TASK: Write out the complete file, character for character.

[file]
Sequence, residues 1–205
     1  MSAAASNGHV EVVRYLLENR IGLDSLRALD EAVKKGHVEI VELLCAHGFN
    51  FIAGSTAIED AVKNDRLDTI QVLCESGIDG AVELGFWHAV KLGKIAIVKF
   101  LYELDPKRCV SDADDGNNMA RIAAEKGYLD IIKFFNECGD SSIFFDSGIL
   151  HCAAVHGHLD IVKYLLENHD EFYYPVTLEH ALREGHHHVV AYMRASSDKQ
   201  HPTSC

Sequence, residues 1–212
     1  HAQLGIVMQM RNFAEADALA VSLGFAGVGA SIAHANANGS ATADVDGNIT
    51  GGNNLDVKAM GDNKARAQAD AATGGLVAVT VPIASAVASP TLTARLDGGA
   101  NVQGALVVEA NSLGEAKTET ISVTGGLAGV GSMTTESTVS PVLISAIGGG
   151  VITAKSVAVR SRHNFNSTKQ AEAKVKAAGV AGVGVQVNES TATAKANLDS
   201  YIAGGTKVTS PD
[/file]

Sequence, residues 1–205
     1  MSAAASNGHV EVVRYLLENR IGLDSLRALD EAVKKGHVEI VELLCAHGFN
    51  FIAGSTAIED AVKNDRLDTI QVLCESGIDG AVELGFWHAV KLGKIAIVKF
   101  LYELDPKRCV SDADDGNNMA RIAAEKGYLD IIKFFNECGD SSIFFDSGIL
   151  HCAAVHGHLD IVKYLLENHD EFYYPVTLEH ALREGHHHVV AYMRASSDKQ
   201  HPTSC

Sequence, residues 1–212
     1  HAQLGIVMQM RNFAEADALA VSLGFAGVGA SIAHANANGS ATADVDGNIT
    51  GGNNLDVKAM GDNKARAQAD AATGGLVAVT VPIASAVASP TLTARLDGGA
   101  NVQGALVVEA NSLGEAKTET ISVTGGLAGV GSMTTESTVS PVLISAIGGG
   151  VITAKSVAVR SRHNFNSTKQ AEAKVKAAGV AGVGVQVNES TATAKANLDS
   201  YIAGGTKVTS PD